Another year under the belt, and what a great year it was for stock market returns. At the close of each year, I like to look back and see what the “experts” predicted we would see. I reviewed some of the headlines from January 2017. On CNBC’s website on January 3, 2017, the headline states in part, “Wall Street’s forecast is the most bearish annual outlook in 12 years.” In this article, CNBC compiled predictions from 16 Wall Street firms concerning where the S&P 500 would end up for the year 2017. The predicted range was from 2,300 to 2,500, with an average of 2,362. The S&P 500 closed out 2017 at 2,673.61, 173 points higher than the highest prediction of all 16 Wall Street firms and 311 points higher than the average prediction.
What does this tell you about how we should look at financial predictions from the experts, or for that matter, anyone’s predictions? Personally, it tells me to look at these predictions as entertainment. No one is able to predict the future of the stock market with any more accuracy than predicting the next roll of the dice at the craps table, and once we realize that, we can focus on the things we can control instead of wasting resources trying to figure out who can accurately predict the market. I wonder why, year after year, people make investment decisions based on the predictions of others when the research shows that the accuracy rate of these predictions is quite dismal. By the same token, when I’m in Las Vegas, I like to watch people at the craps table. There will always be those who think they can predict the outcome of the next roll of the dice. When they’re right, they become the “expert” at that table. When they’re wrong, they blame it on the table. As I watch this behavior at the craps table, it answers my own question about why some people continue to make investment decisions based on the predictions of their favorite expert.
So if predictions are merely entertainment, what should we focus on in making investment decisions? Here are some of my recommendations: 1) Diversify your portfolio. 2) Invest for the long term. 3) Remember to consider income taxes.
- Diversify your portfolio. Unless your portfolio is several million dollars, the only way you can truly diversify your portfolio is to use mutual funds. When choosing mutual funds, it’s important to choose funds that have low expense ratios and that will properly maintain their mutual fund asset diversity. Some mutual fund managers believe they can predict market movements and invest their mutual fund dollars in assets they believe will outperform the market. As their predictions change, they move their assets. This can increase the expenses of the fund, which will most likely reduce your return on your investment.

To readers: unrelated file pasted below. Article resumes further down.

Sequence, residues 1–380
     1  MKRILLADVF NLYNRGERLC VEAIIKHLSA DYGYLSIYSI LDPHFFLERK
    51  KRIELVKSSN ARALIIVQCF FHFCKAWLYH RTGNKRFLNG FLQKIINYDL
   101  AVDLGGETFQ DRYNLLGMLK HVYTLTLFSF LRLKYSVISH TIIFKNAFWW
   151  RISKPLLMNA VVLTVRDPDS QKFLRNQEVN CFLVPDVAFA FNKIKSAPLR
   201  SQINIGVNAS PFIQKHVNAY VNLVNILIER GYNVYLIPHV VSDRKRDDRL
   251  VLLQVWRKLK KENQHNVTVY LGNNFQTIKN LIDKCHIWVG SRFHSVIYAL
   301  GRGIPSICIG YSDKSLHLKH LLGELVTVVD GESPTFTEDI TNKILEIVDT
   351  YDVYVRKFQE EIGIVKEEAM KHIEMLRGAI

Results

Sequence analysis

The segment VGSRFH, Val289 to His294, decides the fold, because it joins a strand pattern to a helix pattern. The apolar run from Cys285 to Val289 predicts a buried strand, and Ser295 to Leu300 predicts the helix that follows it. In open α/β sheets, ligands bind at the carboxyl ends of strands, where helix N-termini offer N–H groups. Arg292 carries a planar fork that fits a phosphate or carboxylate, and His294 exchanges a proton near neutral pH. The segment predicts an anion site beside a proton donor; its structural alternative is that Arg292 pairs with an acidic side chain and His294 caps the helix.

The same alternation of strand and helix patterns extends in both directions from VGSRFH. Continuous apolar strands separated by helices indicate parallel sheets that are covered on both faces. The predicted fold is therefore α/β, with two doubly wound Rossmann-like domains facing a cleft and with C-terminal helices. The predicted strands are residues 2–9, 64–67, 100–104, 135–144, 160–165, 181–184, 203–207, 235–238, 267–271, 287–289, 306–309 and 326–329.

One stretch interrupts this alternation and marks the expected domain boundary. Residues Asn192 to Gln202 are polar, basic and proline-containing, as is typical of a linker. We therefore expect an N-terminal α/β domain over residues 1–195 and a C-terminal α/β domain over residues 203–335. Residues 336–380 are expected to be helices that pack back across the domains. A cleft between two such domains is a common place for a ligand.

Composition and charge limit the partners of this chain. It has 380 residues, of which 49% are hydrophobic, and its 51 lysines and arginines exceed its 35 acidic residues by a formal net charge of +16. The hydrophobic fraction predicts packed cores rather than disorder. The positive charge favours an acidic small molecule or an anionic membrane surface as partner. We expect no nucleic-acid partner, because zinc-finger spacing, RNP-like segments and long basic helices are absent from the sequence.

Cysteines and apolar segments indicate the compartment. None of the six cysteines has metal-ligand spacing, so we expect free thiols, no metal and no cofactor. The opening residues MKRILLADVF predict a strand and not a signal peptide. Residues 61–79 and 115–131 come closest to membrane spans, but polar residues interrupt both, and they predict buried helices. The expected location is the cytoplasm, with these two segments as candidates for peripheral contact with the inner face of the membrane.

- Invest for the long term. The market has in the past, and will in the future, have periods of ups and downs. Over the last 90 years, the S&P 500 index has seen average gains of around 10%. However, when you look at each individual year, the S&P 500 return has ranged anywhere from a high of approximately 54% to a low of approximately negative 43%. In fact, there have only been six years in the last 90 years that the S&P 500 has earned within 2% points of its 10% average, that is, a return between 8% and 12%. The other 84 years showed returns lower than 8% or higher than 12%. If we are in the market for the short term, we might be in one of those negative years. If we then take our money out of the market, we will not get the long-term average return. We will be stuck with the short term loss.
- Income taxes. Successful investing takes all income and expenses into account, including income taxes. Having gains taxed at the lower capital gain rate will increase your actual after-tax return. Utilizing all types of accounts and knowing which assets are most efficiently held in which accounts can increase your after-tax return. In general, the accounts I am referring to are ROTH IRA accounts, traditional IRA/ 401(k) accounts, and taxable accounts, to name a few. In addition to understanding which assets should be held in which kinds of accounts, it’s important to know which accounts we should use to pay expenses or draw funds from when funds are needed.
Knowing that the predictions you read or hear are primarily for entertainment and not foolproof investment advice will help you become a better investor as you focus on the aspects of investing over which you actually have control.
John D. Parry is a financial advisor with Onyx Financial Advisors, LLC, an independent fee-only registered investment advisor firm located in Idaho Falls, Idaho. He can be reached at (208) 522-6400 or at www.OnyxFinancial.com.